Si: I had to leave. I had a daughter Emily by this time, in 1996, and I was getting very heavy documents served by Customs and Excise totalling tens of thousands, and he’s supposed to be paying it off every month but he was just pissing it up the wall. I ended up going and driving a private taxi for a couple of years, which was actually pretty good fun. I didn’t have any trouble, put it like that.
XS: Manchester’s a pretty small place – did you ever pick up anyone famous in your taxi?
Si: No! I wish I had a story like that. My mate picked up Billy Idol, who was appearing at what was called the G-Mex Arena back then. We kind of fought over that – I was really into Generation X, Billy’s band. I did pick up Man Utd footballers quite a lot, in fact all the time, because we were based in Altrincham which is in Cheshire and so we had Roy Keane, Dwight Yorke, Bryan Robson, quite a few of them really, They were all okay actually. I’m looking at Utd’s ground now from my window! The sky’s a bit foreboding tonight, but it is Manchester…
XS: Noel Gallagher asked you to join Oasis at one point, didn’t he?
Si: He did, yeah, when we were in LA and it was the time when the band was imploding and I got in the lift in the Hyatt at Sunset, came down with Craig and Stephen from The Fall and who steps in but Bonehead. We went to the bar and Noel’s there who I knew from the days when he was a roadie for the Inspiral Carpets (I used to see him down The Fall’s office corridor in New Man Street). Anyway, he asked me if I wanted to join the band – I think it was when they had just kicked the other guy out (Tony McCarroll) but at this point I am surrounded by my band mates so what could I say? Anyway, the moment was gone and maybe he was just jesting but of course I would have joined them – who wouldn’t?! Same as the Roses.
XS: When Reni walked off stage in Amsterdam a couple of years ago, did you think, “I might get a call from Ian here”?
Si: It was a funny situation that because no-one was expecting that at all, and least of all Ian. People were thinking that’s it, he’s gone, this might be a chance Si, but secretly I was hoping they wouldn’t ask me because I think it’s a massive gig for anybody to fill his shoes and that includes players like Zach Starkey. They tried it before with Robbie Maddox but it wasn’t the same either. It was all about the drums originally. If I had to I could because I know most of the back catalogue, but they haven’t asked me!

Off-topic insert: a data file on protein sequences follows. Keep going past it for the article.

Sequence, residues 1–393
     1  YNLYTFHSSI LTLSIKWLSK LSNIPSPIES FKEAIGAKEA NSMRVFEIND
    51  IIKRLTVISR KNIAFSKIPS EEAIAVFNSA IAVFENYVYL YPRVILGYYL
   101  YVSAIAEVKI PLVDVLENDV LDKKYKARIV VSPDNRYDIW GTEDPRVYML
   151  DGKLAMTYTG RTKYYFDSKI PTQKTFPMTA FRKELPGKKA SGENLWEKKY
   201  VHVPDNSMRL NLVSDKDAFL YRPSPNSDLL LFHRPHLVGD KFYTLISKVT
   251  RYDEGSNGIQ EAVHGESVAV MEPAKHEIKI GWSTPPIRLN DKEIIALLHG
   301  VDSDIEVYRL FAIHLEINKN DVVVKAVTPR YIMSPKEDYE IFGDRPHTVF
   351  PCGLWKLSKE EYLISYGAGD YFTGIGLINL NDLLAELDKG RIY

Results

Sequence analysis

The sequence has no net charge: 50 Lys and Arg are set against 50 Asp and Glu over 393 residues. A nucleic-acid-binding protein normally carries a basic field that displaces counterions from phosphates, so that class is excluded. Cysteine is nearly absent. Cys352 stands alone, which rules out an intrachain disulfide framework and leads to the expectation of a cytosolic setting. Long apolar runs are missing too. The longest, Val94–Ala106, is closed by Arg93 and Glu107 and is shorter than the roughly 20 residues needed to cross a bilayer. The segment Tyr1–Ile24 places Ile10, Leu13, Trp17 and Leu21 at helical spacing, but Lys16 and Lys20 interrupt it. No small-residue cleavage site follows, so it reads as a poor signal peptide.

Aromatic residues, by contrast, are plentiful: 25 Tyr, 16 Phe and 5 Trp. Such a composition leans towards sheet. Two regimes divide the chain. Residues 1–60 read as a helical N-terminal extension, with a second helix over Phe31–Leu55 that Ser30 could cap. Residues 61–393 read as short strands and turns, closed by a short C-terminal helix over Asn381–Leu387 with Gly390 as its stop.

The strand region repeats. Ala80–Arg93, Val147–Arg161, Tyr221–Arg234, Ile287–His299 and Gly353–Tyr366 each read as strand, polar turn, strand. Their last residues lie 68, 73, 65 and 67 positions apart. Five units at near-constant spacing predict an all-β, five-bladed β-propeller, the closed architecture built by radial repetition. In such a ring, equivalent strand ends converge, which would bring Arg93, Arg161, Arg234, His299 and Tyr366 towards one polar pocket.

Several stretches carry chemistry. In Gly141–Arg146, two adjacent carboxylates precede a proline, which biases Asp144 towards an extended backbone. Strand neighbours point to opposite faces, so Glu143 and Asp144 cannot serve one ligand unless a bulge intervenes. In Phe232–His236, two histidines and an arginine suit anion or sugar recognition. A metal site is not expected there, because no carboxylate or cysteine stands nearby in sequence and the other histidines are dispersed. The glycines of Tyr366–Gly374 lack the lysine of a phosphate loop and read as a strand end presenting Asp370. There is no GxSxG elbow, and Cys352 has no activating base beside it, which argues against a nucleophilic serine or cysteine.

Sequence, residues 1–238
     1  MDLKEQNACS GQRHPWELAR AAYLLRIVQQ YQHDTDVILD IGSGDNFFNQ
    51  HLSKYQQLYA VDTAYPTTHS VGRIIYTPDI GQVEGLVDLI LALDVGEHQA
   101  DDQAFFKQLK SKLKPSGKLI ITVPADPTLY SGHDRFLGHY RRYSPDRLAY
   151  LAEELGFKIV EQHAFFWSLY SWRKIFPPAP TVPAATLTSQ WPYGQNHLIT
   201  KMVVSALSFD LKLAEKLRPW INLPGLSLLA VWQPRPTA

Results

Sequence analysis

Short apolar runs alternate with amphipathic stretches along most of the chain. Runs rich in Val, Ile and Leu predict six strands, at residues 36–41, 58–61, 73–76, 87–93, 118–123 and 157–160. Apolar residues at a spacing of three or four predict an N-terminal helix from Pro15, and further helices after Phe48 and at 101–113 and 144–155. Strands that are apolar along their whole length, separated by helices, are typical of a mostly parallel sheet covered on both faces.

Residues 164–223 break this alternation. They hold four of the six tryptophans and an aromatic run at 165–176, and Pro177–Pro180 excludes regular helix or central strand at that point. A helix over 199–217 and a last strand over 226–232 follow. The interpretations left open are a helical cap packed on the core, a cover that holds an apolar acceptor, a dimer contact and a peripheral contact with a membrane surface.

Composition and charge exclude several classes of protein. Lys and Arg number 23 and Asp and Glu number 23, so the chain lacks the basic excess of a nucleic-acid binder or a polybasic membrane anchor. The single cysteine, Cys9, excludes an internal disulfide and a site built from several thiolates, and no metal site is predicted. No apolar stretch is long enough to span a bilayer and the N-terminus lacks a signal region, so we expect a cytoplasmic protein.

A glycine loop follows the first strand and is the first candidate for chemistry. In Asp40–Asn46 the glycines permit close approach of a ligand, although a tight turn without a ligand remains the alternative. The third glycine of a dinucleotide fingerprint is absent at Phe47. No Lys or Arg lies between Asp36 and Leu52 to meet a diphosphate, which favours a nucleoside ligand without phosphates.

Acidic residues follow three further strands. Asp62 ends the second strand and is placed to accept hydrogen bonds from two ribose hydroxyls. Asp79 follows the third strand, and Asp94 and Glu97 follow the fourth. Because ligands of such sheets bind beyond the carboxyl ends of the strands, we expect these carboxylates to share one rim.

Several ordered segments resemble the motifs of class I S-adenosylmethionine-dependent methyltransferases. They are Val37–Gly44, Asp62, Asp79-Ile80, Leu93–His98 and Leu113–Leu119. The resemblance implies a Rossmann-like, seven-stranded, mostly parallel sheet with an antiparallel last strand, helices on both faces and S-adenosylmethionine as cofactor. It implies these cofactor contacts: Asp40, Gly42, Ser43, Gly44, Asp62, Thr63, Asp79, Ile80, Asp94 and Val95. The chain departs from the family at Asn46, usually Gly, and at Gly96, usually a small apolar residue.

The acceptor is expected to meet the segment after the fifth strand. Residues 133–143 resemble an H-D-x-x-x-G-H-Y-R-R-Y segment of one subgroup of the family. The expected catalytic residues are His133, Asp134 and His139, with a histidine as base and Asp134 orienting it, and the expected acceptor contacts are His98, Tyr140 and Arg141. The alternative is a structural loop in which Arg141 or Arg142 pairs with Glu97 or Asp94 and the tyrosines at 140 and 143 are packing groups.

XS: It would be good if they did! Their new track All For One should sound familiar to you because the riff is very similar to The Fall track you played on, Squid Lord?
Si: Yes, it’s incredible! People were telling me about this and I kept saying “give over” and then sure enough it’s pretty much note for note. But I don’t think John Squire has been going through the Fall back catalogue to steal a riff from a Fall tune – I don’t think so, anyway! Isn’t it strange though – both guitarists, Craig Scanlon and John Squire, coming up with the same thing exactly. Interesting, that.
XS: Do you think there will be any more new music from the Roses soon?
Si: Well, I saw Ian this week actually, There’s only two tracks ready to go so I don’t know if I’m honest. They seem to stop and start and stop and start. They have been in the studio since last Autumn so they must have something else.
XS: You worked on Ian’s second album, Golden Greats – were you disappointed you weren’t asked to be involved in the third album?
Si: Well that’s partly my fault. Ian and I were classmates and we know each other very well and we’re both really stubborn. Also I was still flirting with drugs when I was in the band and so perhaps wasn’t doing as much as I should have been doing so when it came to the end of the tour at Alexandra Palace in 2000 that ended up being my last gig with him. We didn’t say goodbye to each other or anything and we didn’t ring each other, as neither of us wanted to back down. Once Ian digs his heels in then that’s that, he’s made his mind up, but he’ll always be alright, I think he still owes the record company a solo album anyway so whatever happens you’ll be hearing him on the radio again. And anyway he loves it like I do and he loves the feeling of being on stage. Not everyone is the same – I know Mani has been playing but I don’t think the drummer has been doing much over the last 17 years, drumming wise, recording or anything. We’ll see.
XS: It’s incredible that you were all involved in the early stages of the Stone Roses and The Smiths. Looking back, what band would you have preferred to stay in?
Si: That’s a very good question! Probably The Stone Roses for the pay offs I’m getting for these cheques! It’s not bad, is it?! I didn’t like The Smiths at first but I learned to love them – the later stuff like Panic, Sheila Take A Bow – it’s powerful stuff, and I love hearing Morrissey’s quotes in the papers and on the radio, they always make me smile. Similar to Ian – they’re both vehement anti-Royalists whereas I could take it or leave it, I’m not a very political person. I read Morrissey’s book and loved it. I thought his style was amazing, and I wish I could write like that. My style is just how I’m talking to you now.
XS: I found it hard enough to read Morrissey’s book – I prefer your style.
Si: I can’t pretend to be a top writer – I have my O Level in English but that’s about it. I’m not bad at spelling, but I just wanted to get it out. I’d perhaps like to do another book sometime. It might be about another band I might join in the future, you never know.
XS: Do you have a stand out memory over all of you time in music and bands?
Si: From travelling I remember Rio de Janeiro most – we travelled first class and it was just a wonderful place, and prehistoric looking. I loved touring and I’d like to do some touring with The G-O-D once we get up and running, maybe this year – that’s what I’m hoping we’ll do. And we’re going to release a couple of tracks in the middle of June and we have recorded 11 tracks in Salford in the new 6DB studios owned by Simon Dean Archer who was bass player with The Pixies for a while and PJ Harvey, and also The Fall. Mark records there too so we have to make sure our paths don’t cross! He was a dead funny guy and he really made me laugh, and he was very clever and taught me a lot – not all good things but some good things. He was very good at sizing people up.
How are things going now with The G-O-D?
Si: We’re about 80% there on the album so I’ll send it to you. It’s very Iggy, with a bit of Bowie, a bit of funk, some Ramones thrown in at times, it’s got a bit of an edge. And I can hear Chris’s lyrics throughout it which is unusual for me as I’m normally tone deaf. I’m working with youngsters now and they bring something to the table.
XS: We could talk all day! Best of luck with the book and with the music.